noaxark
05-14-2002, 02:06 PM
AnabolicJedi:

I'm not to sure if the human eye can catch anything more that 27 frames per second regurlarly, but on computer games you sure as hell notice a HUGE (and I mean HUGE) difference between 27 fps and 85.

Mobius47:

I don't know where you got that info, but it's all wrong.
The human eye can see up to something over 5 million (!) colors. 16 bit depth is a bit over 65000 colors and 32 bit is 16.7 million* colors*, so you're alot better of using 32 bit. It's not such a huge performance hit, though of course it depends on your hardware.

*The reason this number is so much higher than what the eye can see is that it's easier for the computer to calculate it (or something).

noaxark
05-14-2002, 02:10 PM
darn... you guys beat me to it to answer... guess I just left the reply page too long =)

Abefrulman
05-14-2002, 02:58 PM
Ok, I've been trying to practice for that Gateway tournament that is next month. Now when I load a game with their predetermined settings my FPS drops from 85fps to less than 30fps. I assume its because there is 12 other bots in the game but damn that much? I have my video set to 800X600 32bit, bilinear, basically all my setting are middle of the road....Anyone have any suggestions?

I'm running a Geforce2 MX 400

Homosexual Ewok
05-14-2002, 03:09 PM
http://www.lucasforums.com/showthread.php?s=&threadid=53861

Go there^

:ewok:

Brodieman
05-14-2002, 04:57 PM
Originally posted by noaxark
AnabolicJedi:

I'm not to sure if the human eye can catch anything more that 27 frames per second regurlarly, but on computer games you sure as hell notice a HUGE (and I mean HUGE) difference between 27 fps and 85.

Mobius47:

I don't know where you got that info, but it's all wrong.
The human eye can see up to something over 5 million (!) colors. 16 bit depth is a bit over 65000 colors and 32 bit is 16.7 million* colors*, so you're alot better of using 32 bit. It's not such a huge performance hit, though of course it depends on your hardware.

*The reason this number is so much higher than what the eye can see is that it's easier for the computer to calculate it (or something).

in regard to fps, the human eye in psychological testing can detect differences in frame rate up to around 80 fps. though at a stable 27 fps the noticeable of 5 fps either way is not too noticeable. The difference though between 27 and 85 fps is noticeable, mostly because difference in speed is noted very quickly by the human eye when it drops (not so much when it increases). As to colour reference yes the human eye has a spectrum of over 5 million colours.

TexRoadkill
05-14-2002, 07:29 PM
In regards to framerate-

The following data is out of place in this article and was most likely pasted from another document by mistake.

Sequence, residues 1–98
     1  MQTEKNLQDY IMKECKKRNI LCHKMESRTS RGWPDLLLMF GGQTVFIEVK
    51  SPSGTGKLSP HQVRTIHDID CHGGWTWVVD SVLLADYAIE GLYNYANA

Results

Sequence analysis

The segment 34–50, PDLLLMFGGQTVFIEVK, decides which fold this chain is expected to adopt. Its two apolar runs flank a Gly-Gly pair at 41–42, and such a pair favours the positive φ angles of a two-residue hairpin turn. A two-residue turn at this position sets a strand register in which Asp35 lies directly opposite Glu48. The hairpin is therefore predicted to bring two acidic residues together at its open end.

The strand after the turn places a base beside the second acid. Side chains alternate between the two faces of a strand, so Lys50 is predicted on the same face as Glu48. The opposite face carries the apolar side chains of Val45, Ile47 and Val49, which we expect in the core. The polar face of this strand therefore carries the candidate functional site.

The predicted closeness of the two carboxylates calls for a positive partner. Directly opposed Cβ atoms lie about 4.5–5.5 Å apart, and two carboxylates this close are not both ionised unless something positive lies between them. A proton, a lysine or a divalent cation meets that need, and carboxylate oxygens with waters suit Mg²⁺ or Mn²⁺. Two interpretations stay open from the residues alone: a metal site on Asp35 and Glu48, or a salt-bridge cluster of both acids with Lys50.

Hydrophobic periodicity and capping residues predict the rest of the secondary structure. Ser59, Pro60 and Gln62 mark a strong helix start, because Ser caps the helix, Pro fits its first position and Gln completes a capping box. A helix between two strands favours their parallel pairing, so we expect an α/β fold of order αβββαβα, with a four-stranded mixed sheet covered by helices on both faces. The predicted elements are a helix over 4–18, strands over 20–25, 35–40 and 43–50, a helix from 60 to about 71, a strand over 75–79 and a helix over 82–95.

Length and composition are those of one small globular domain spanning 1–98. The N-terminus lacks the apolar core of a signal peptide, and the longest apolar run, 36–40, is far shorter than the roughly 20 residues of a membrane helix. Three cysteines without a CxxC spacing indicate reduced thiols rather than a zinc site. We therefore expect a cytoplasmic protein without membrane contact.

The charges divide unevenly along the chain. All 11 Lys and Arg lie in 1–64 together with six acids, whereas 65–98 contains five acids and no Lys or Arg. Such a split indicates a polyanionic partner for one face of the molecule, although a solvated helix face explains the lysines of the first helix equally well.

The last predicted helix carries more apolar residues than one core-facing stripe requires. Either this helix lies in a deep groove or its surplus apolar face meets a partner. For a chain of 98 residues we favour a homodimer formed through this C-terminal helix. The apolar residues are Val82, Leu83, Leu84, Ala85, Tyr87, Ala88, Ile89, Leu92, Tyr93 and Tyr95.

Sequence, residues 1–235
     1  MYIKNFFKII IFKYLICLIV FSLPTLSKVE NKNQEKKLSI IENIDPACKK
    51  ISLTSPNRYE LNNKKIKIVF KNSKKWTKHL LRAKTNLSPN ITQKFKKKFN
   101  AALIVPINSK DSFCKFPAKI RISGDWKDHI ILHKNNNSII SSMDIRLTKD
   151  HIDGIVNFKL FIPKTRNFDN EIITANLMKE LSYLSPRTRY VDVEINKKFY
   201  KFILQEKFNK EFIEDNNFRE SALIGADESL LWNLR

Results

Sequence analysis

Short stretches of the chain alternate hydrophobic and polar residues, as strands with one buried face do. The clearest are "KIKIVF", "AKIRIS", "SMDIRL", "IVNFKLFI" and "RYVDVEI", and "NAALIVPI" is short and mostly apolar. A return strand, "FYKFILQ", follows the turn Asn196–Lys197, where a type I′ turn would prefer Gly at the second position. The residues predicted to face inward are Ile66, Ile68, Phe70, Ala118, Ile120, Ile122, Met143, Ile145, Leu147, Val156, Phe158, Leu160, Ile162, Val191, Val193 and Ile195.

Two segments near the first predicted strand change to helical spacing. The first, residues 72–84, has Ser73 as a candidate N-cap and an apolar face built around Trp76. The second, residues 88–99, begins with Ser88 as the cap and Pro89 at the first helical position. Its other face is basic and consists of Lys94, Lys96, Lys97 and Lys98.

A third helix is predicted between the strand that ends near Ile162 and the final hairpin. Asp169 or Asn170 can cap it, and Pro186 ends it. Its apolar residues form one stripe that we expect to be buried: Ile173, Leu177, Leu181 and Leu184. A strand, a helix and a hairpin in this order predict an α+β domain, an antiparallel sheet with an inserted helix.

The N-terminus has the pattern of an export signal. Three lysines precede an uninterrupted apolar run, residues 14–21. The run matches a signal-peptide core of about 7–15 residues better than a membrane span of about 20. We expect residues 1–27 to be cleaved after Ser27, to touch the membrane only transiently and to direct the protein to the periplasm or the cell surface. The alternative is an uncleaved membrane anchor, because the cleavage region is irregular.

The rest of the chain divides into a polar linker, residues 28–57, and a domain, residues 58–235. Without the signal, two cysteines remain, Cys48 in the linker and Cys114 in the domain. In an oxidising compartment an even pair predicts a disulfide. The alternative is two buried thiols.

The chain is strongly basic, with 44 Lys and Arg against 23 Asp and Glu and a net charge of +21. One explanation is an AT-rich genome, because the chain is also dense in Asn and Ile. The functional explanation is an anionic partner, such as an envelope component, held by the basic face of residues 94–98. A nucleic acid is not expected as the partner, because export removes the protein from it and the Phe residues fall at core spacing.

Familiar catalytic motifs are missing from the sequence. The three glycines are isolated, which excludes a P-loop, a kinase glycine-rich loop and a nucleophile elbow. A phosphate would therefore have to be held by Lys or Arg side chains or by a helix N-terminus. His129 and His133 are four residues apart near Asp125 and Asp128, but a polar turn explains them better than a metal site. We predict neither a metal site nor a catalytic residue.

The reason that computer games need higher frame rates than televison (30FPS) is because cameras blur the action and your brain 'fills in the blanks' easier.

Video games create perfectly crisp images so any skipping of movement between frames is much more noticeable.

Ever notice that Saving Private Ryan effect that was popular for a couple years in action movies? They used it in action sequences in Gladiator also. They shoot that with a high speed shutter so each frame is a crisp shot with little motion blur. That is what gives those action scenes a slight strobe effect. You really notice 30FPS with a fast shutter speed.

When video cards can do motion blur reliably the frame rates can drop considerably and still look good.

I have a P3 750, 512 PC133, GF3 TI200 and the game runs great at high detail. The best of any new game I've played. It does chug on big battles but duels run flawlessly.

Cobalt60
05-15-2002, 05:16 PM
guys..
the reason you need a fast framerate ,
is because of something called "persistance of vision"
I'm surprised this hasn't been mentioned.

(I hear a lot of talk about the performance limitations inherant to the human eye)

((but .. consider for a monent.. the performance limiations inherant to your display hardware))






your eyes don't respond nearly as 'quickly' to stimulation ,
as the phosphor coating on the inside of a CRT responds

as a result :
1) your retina will "hold" an image a lot longer than the phosphor coating on the inside of a CRT
(therefore : the retina will retain 'afterimages')
((which is why you often see 'spots' before your eyes
immediately after the policeman shines that damn flashlight in your face))

2) it takes a bit longer for the eye to register what it is seeing
((which is why the eye actually needs to be exposed to the image for a longer period of time than the phosphor))
((which is also why people ~think~ that "the human eye can't see more than 27fps"))




consider this:
the CRT in your television refreshes the picture at a rate of 60hz (right?)
but television signal is actually filmed/broadcast at a framerate of only 30fps
(hmm)

this means that every second "image" being displayed on your TV is identical.
(why?)